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 Real Talk

Archive for June, 2015

Reset Expectations with X-Propagation Analysis

Thursday, June 25th, 2015

The propagation of unknown (“X”) states has become a more pressing issue with the move toward billion-gate SoC designs, and especially so with power-managed SoC designs. The SystemVerilog standard defines an X as an “unknown” value used to represent the state in which simulation cannot definitely resolve a signal to a “1,” a “0,” or a “Z.”

Synthesis, on the other hand, defines an X as a “don’t care,” enabling greater flexibility and optimization. Unfortunately, Verilog RTL simulation semantics often mask the propagation of an X value, while gate-level simulations show additional Xs that will not exist in real hardware.

The sheer complexity and common use of power management schemes increase the likelihood of an unknown “X” state in the design translating into a functional bug in the final chip. This possibility has been the subject of two technical presentations at the Design and Verification Conference during the last couple of years: I’m Still in Love With My X! But, Do I Want My X to Be an Optimist, a Pessimist, or Eliminated? and X-Propagation Woes: Masking Bugs at RTL and Unnecessary Debug at the Netlist. Let’s look more closely at this issue and the requirements for a solution.

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Last Call for Kaufman Award Nominations

Tuesday, June 23rd, 2015

The EDA Consortium and the IEEE Council on EDA is seeking qualified nominations for the 2015 Phil Kaufman Award.  The nomination deadline is June 30.

Presented by the EDA Consortium and the IEEE Council on EDA, this prestigious award honors an individual who has had demonstrable impact on the field of electronic design through contributions in Electronic Design Automation.  PressRelease.

Additional information on the nomination process is available here.

Information on previous Phil Kaufman Award recipients is available here.

Download the nomination form here.

SoC Power Management: Which Power are We Talking About?

Thursday, June 18th, 2015

I agree with the observation that low-power is a largely unsolved problem. We have seen a tremendous change in the past decade and a half in low-power research, particularly in the context of micro-architecture for small devices and embedded systems. The chief catalyst for this research is the unprecedented growth in the proliferation of handheld mobile devices. In today’s design flows, power management has emerged as the second most important challenge, next only to timing closure, ahead of meeting timing and area goals and taping out on schedule.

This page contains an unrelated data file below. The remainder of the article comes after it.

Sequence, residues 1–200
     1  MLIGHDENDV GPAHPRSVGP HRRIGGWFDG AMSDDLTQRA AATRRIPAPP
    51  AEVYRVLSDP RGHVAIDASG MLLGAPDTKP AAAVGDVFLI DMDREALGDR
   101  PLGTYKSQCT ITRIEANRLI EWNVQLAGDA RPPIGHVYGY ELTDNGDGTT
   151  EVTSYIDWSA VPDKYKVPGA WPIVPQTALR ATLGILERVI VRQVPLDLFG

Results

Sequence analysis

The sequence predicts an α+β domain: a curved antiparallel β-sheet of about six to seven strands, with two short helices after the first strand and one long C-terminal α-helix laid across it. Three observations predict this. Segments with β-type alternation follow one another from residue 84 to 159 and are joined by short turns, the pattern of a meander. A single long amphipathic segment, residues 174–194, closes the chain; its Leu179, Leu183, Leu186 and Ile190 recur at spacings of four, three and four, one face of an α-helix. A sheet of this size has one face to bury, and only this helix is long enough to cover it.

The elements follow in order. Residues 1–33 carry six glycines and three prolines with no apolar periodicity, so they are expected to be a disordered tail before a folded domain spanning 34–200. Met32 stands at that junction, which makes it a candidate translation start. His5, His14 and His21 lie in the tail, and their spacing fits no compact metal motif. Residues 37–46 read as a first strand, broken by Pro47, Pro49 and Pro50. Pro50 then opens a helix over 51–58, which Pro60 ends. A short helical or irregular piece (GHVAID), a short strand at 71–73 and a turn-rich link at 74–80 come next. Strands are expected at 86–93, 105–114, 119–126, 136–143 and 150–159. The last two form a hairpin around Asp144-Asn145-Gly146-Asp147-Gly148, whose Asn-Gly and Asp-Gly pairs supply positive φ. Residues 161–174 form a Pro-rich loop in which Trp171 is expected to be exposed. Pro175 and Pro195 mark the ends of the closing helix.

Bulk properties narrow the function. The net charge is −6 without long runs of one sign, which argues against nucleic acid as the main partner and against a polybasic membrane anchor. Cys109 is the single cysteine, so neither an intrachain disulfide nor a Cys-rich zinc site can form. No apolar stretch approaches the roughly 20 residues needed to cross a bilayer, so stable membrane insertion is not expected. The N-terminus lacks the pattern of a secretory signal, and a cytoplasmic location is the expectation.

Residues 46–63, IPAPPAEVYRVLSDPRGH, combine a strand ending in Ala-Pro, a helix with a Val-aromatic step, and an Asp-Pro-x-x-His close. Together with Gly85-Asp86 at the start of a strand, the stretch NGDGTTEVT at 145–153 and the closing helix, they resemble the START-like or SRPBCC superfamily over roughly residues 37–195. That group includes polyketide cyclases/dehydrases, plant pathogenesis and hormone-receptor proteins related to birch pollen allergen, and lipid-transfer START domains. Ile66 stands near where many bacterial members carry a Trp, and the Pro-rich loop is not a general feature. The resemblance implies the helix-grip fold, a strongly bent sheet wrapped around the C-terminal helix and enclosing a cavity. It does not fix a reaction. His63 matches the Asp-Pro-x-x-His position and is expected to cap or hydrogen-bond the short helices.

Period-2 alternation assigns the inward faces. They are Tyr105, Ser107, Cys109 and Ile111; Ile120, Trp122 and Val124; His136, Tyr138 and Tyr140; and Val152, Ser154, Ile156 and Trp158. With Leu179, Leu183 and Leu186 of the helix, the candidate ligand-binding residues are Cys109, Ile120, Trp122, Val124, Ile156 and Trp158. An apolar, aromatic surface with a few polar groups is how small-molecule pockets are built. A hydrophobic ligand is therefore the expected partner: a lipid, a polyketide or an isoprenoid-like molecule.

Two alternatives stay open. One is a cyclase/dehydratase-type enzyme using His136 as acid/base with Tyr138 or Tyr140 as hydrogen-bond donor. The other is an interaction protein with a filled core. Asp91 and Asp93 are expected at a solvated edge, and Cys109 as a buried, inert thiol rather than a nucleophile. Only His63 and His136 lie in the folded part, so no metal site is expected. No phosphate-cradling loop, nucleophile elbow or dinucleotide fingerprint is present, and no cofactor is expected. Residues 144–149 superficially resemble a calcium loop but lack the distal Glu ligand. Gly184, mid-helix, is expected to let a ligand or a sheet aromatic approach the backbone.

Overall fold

Process technology for low-power gains has come a long way. In the early days, a low-power process typically meant a 20% hit in performance. Such performance hits are no longer acceptable, and process technology has improved to offer several standard cell height choices with different threshold voltages for different performance, power and density tradeoffs. Despite all these advances, process technology will not deliver all the gains needed in an optimal low-power device. See the figure below. (more…)

Quick 2015 DAC Recap and Racing Photo Album

Thursday, June 11th, 2015

This years Design Automation Conference in San Francisco was excellent!   You don’t have to take my word for it.  At the Industry Liaison Committee meeting for DAC exhibitors on Thursday June 11, the various members were in agreement that show traffic was up, and the quality of the customer meetings exceeded expectations.  Why is that?  It is in large part of due to the tremendous efforts of Anne Cerkel senior director for technology marketing at Mentor Graphics, who was the general chair for the 52nd DAC.

One innovation at this year’s show was opening the exhibitor floor at 10 am.  This made it more convenient to see the morning keynotes and also more flexibility in commuting to the show from around the Bay area.  I think you can expect to see this again at the next 53rd DAC show in Austin Texas.

Our two GRID racing car simulators was one reason the show was excellent for Real Intent.  We were able to draw a large crowd to our booth.  Budding race car drivers could challenge their friends and colleagues to a race and enjoy our license-to-speed verification solutions.  A special thank you to Shama Jawaid and the team at OpenText who was our partner for the license-to-speed promotion.

Here are some quick photos from the show for you to enjoy.

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Advanced FPGA Sign-off Includes DO-254 and …Missing DAC?

Thursday, June 4th, 2015

One trend we’re seeing in Asia is the number of FPGA design starts — now counting in the thousands. Getting a functionally correct design is the first goal for designers. It is easy to think that once that is achieved FPGAs can shipped out in finished products. But that’s not a robust model. For example, we have had customers with failures in the field due to a subtle timing change between FPGA part lots. Larger FPGA designs have grown in complexity, resulting in an amalgamation of disparate IP that can lead to clock domain challenges. A robust model for FPGA designs requires advanced signoff tools, a design flow that works easily with Xilinx and Altera tools, and support for high-reliability standards like DO-254. This is where Real Intent’s Meridian and Ascent products excel. For high-performance, our CDC and Lint tools provide the confidence design teams need, with unsurpassed verification and sign-off support. 

Come visit us in Booth #1422 at DAC in San Francisco, June 8-10 to see our latest technical presentations. To choose your technical presentation click here.

Can’t attend DAC?  Check out some of our latest video interviews with Real Intent technologists or email us for a personal presentation to you or your team.

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